Big-O notation

A.M. Kuchling amk at
Wed Apr 16 15:25:37 CEST 2003

On Wed, 16 Apr 2003 08:50:42 -0400, 
	Roy Smith <roy at> wrote:
  <excellent discussion deleted...>
> algorithm tuning.  Imagine you've got a program which runs in O(N^2) 
> time.  If you could find a way to reduce it to O(N), for an input set of 
> just 10 items, you would have speeded it up by a factor of 10!  Compared

... except for one nit; the above inference isn't valid.  O() notation
usually ignores differing multipliers because they don't matter much as N
grows larger, but they still have an effect on the running time.

Consider two algorithms: A is O(N) where each loop takes one second, and B
is O(N**2) where each loop takes .001 second.  For 10 items, A takes 10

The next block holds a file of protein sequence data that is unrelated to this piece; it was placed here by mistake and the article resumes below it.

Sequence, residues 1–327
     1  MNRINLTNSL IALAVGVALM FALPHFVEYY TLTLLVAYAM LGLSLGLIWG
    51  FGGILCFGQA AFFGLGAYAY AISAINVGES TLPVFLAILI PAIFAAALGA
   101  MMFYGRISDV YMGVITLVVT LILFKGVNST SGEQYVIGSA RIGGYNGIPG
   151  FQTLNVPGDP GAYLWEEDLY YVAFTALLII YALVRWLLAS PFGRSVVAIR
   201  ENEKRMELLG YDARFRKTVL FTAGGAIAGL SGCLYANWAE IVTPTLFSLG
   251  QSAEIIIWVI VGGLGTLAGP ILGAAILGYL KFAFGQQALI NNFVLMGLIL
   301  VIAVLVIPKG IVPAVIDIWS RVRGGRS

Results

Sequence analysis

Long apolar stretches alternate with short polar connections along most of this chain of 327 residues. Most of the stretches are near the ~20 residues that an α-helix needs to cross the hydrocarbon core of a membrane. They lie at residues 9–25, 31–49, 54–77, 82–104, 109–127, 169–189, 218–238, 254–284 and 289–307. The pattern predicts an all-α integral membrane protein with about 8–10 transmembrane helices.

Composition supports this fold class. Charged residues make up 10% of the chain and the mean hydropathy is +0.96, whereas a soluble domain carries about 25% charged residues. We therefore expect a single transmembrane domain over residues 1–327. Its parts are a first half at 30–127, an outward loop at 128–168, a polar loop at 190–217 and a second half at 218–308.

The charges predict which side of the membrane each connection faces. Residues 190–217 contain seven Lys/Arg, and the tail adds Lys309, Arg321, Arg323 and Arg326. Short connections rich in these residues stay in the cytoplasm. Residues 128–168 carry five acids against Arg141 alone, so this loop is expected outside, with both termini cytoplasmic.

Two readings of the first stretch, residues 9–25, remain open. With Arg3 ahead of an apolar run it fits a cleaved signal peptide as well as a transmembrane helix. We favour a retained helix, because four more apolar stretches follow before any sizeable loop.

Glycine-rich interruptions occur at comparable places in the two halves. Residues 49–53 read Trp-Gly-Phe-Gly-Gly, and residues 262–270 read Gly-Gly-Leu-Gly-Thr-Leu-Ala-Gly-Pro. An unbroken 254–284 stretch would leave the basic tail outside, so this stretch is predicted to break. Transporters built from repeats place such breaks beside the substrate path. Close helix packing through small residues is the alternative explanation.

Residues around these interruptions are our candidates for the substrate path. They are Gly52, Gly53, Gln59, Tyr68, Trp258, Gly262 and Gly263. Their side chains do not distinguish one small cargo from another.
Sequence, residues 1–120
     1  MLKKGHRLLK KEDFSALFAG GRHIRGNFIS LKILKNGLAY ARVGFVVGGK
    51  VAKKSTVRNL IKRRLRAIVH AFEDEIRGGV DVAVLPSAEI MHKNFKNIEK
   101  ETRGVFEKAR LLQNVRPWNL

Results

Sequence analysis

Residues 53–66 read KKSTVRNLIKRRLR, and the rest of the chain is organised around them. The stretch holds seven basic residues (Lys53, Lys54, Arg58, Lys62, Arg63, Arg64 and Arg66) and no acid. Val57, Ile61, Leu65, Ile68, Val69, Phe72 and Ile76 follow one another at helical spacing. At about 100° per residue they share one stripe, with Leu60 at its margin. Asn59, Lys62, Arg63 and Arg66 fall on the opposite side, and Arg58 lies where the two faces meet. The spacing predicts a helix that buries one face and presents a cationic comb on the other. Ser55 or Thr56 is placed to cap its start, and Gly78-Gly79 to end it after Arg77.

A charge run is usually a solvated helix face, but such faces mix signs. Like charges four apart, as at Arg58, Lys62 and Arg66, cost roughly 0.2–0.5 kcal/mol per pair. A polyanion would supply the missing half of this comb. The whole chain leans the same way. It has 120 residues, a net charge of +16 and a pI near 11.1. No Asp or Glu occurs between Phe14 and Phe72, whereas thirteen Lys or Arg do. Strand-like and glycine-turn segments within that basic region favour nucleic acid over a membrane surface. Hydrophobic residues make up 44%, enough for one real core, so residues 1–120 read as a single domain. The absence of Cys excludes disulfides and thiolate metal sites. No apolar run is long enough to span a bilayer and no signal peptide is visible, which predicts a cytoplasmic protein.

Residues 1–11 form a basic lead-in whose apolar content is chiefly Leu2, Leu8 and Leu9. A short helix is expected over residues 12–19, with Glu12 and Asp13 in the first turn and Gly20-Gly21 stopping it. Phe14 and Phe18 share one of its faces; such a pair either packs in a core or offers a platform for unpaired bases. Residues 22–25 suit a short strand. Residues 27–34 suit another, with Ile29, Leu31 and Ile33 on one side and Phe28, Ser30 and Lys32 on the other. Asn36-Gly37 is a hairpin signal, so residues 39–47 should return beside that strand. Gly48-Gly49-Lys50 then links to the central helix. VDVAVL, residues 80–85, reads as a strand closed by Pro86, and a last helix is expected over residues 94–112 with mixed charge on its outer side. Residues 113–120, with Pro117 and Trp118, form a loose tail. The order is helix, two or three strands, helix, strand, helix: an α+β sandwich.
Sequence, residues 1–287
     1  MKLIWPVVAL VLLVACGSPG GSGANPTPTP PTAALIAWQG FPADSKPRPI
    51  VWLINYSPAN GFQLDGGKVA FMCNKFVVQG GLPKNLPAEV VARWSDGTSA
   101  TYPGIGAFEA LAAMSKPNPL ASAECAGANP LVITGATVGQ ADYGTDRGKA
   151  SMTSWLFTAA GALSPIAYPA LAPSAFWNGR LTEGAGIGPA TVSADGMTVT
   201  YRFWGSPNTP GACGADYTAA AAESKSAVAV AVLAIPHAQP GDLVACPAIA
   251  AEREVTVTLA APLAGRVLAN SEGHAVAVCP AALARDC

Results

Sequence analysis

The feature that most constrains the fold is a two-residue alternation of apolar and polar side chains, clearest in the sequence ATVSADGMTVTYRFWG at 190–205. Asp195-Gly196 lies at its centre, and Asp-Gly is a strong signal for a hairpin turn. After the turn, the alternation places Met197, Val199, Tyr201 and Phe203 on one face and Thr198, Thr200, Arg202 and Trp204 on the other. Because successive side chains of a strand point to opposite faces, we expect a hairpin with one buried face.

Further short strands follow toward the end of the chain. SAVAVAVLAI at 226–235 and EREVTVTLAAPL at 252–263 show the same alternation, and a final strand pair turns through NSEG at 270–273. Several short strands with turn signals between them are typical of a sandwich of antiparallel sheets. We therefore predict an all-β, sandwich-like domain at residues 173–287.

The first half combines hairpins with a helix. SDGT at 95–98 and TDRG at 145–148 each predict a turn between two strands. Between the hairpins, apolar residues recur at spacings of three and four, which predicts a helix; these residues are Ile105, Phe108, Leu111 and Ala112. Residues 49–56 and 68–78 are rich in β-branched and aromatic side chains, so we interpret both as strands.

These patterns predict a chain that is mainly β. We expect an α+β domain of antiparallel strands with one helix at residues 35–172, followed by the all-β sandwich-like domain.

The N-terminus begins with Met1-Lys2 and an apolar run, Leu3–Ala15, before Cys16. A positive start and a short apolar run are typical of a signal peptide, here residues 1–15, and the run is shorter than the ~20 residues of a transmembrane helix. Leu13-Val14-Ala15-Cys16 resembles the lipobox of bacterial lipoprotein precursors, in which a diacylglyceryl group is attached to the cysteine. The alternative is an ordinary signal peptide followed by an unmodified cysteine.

seconds and B takes .1 sec to run, so switching from A to B would actually
run slower.  The situation changes for N=1000, where A takes 1000 seconds
and so does B.  For N=2000, A takes 2000sec and B takes 4000sec, twice as

Algorithms often achieve better O() performance at the cost of making the
loop more complicated or requiring some precomputing step, so for small
problem sizes the straightforward algorithm might be faster.  Better O()
performance buys you something at larger problem sizes, of course.

(BTW, you should turn your post into a web page and put it somewhere; it
might be useful for educators.)

> complexity and algorithmic complexity.  This, of course, is what makes 
> high level languages so useful in the first place, but I fear we may be 
> training a new generation of programmers for whom algorithmic complexity 
> is not as familiar a concept as it used to be.

I don't see that as being a problem; students can first learn the ideas of
big-O notation by counting the number of Python operations, ignoring the
wall-time performance of those operations. 

--amk                                                             (
Now I'll never know if I was right.
      -- Adric's last words, in "Earthshock"

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